DTS Blog

#10 Develop Multidimensional Reporting

Posted by DTS on Jun 3, 2021 1:40:00 PM

bigstock--206595664Thank you for joining us on our blog series! The tenth and final best practice for procurement-side tax automation is develop multidimensional reporting.

Automation without proper reporting is like cooking a meal you never taste - there’s no way to tell if it’s any good. If you truly want to be successful with your tax automation efforts, you must develop and regularly utilize good, multidimensional reporting.   

Reporting should be the backbone of all automation. Not just so you can ensure your intended results are being captured, but also to allow you to examine, digest, and react to any nuances that may become visible in the data. Before developing your reporting, it’s extremely important to audit, understand, and question all source data. Doing so will help you better understand what types of reports can be generated, as well as what data elements are available to drive your intended result.

bigstock-Financial-Report-Online-83946920For example, when we develop new reports for our applications, we always work backwards. That is, we start our analysis asking the question of what we hope to achieve by the report. Once determined, we then question what data elements would be required to substantiate our findings.  From there, we ensure those data elements exist within the source data. If not, we work to change the source data to include the necessary information and/or assess if other existing data elements could work as a viable substitute.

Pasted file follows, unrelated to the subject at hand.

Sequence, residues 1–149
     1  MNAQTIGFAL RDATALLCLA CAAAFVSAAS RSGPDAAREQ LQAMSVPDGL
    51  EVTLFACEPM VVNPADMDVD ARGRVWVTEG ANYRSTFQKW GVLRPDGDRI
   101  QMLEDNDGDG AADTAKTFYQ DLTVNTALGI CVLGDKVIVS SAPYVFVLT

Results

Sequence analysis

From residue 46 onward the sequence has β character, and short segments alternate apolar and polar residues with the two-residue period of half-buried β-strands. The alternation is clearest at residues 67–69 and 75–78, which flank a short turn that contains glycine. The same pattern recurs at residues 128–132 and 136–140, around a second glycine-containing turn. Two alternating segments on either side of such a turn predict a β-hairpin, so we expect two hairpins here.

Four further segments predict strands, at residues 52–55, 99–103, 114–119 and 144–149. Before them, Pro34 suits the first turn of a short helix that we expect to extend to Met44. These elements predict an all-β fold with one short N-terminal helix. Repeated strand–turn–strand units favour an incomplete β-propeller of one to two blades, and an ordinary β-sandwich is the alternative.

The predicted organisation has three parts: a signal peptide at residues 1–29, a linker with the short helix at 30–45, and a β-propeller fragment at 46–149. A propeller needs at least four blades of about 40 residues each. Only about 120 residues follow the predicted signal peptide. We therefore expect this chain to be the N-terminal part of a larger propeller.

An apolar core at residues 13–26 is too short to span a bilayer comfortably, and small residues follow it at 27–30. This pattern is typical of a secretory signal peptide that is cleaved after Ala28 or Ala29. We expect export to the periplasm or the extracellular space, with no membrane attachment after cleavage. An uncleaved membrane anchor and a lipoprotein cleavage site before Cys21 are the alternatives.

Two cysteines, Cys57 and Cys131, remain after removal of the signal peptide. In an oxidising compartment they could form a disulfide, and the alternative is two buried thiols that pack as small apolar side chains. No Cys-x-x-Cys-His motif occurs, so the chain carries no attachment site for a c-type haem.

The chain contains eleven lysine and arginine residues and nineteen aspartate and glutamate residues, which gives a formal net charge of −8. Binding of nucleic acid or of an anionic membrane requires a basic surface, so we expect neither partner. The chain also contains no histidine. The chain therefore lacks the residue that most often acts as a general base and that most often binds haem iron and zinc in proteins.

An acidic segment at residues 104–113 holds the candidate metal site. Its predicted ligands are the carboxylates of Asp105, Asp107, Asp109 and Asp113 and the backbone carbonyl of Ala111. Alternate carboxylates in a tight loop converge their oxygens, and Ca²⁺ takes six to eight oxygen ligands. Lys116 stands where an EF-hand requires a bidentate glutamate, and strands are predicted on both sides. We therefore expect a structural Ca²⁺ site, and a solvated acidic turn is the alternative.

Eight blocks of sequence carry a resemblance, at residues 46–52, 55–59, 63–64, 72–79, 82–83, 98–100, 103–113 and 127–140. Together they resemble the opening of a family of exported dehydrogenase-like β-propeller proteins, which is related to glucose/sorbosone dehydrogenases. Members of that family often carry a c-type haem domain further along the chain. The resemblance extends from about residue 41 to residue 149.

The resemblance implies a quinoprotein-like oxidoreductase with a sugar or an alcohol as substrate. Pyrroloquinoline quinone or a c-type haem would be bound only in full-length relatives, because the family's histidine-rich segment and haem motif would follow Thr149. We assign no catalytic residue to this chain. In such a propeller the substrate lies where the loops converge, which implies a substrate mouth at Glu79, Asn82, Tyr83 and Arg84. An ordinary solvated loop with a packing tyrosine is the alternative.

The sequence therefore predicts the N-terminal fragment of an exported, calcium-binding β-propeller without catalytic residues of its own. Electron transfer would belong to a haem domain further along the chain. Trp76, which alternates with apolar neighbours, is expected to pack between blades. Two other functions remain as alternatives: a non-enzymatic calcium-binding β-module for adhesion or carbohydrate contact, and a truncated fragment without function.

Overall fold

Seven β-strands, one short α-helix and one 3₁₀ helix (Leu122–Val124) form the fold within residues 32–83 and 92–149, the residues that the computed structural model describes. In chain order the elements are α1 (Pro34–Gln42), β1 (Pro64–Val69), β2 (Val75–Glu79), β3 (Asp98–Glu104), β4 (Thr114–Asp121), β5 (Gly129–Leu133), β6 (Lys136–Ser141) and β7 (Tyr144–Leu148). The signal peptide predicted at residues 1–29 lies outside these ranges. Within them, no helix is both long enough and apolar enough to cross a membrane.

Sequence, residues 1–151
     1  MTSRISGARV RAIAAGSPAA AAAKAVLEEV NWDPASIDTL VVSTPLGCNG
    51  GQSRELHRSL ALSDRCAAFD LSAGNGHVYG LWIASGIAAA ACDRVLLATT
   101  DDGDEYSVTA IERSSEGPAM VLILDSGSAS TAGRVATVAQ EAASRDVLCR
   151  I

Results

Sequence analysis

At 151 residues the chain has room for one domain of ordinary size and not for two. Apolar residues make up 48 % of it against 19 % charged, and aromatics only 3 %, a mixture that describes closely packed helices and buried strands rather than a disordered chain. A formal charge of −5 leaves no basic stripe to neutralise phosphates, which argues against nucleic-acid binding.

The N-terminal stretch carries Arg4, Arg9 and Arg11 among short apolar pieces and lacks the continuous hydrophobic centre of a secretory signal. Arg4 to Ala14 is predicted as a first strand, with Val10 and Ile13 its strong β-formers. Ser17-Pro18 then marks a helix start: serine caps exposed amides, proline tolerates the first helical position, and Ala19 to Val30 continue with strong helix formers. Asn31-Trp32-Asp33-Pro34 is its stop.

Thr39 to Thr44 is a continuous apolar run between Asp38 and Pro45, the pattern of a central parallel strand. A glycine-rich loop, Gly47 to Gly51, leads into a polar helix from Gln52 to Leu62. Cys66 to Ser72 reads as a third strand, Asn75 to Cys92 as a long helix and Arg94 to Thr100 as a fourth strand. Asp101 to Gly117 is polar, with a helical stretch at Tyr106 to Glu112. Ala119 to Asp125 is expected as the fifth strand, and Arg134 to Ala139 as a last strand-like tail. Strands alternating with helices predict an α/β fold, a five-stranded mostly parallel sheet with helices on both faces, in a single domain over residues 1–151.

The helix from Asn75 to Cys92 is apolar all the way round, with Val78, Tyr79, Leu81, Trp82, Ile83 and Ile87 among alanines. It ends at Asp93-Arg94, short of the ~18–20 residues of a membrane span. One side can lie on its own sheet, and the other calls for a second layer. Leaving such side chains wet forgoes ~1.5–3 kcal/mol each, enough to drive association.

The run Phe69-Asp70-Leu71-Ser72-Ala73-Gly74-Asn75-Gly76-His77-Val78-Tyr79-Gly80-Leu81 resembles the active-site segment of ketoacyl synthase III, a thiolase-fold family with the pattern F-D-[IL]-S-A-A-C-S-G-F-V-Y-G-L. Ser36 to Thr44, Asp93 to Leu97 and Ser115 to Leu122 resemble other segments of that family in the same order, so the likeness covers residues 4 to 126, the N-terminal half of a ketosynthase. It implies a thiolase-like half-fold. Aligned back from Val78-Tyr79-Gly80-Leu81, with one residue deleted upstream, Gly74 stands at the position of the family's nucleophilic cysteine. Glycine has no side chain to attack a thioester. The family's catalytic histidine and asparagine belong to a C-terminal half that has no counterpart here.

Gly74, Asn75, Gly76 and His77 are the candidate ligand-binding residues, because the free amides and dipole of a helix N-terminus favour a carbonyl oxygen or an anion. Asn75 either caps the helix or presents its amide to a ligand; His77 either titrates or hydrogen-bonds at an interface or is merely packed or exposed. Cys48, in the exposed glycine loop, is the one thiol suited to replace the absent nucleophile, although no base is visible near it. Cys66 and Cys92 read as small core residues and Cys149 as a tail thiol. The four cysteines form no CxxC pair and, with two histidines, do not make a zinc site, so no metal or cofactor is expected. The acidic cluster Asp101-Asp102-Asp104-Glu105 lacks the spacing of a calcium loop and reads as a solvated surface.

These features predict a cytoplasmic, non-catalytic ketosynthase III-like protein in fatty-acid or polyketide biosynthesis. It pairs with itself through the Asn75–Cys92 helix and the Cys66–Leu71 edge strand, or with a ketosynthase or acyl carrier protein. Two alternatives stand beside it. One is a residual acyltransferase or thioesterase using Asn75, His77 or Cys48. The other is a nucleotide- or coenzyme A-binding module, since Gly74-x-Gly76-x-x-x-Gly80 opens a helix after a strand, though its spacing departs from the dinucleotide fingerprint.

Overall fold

Once comfortable the data exists to generate our report, we then move on to the “action” of running the report. This deals with the applicable report parameters a user may want to utilize in running the report (e.g., date ranges, company codes, general ledger accounts, etc.), essentially any way the user may want to customize the report for their particular audience.

Next, we focus on the design and layout, both for on screen and extract purposes. If your report generates a substantial amount of tedious detail, it’s usually best to make only the main data values visible on the screen. This often helps the user quickly digest the information and determine if an extract, with more data values, should be generated.

The last step of our process usually deals with the need for drill capabilities, essentially asking the question if the existing report should drive another report. Drill reports, as we like to call them, are a great way to help the user digest complex, multidimensional information. Rather than trying to compile and display a bunch of detail into just one report, a drill report can allow you to provide summary information that “drills” into a separate detailed report based upon a key characteristic within the summary report.

As you can see, many steps are often involved to ensure your reporting needs are met for your automation. Failure to take the time to methodically go through each step may only be slightly better than having no reports whatsoever. However, when done correctly, reporting can typically bring to light many aspects within the data that were previously unknown or even represent a potential liability to the organization. That’s why we believe it should be the backbone of your automation efforts.


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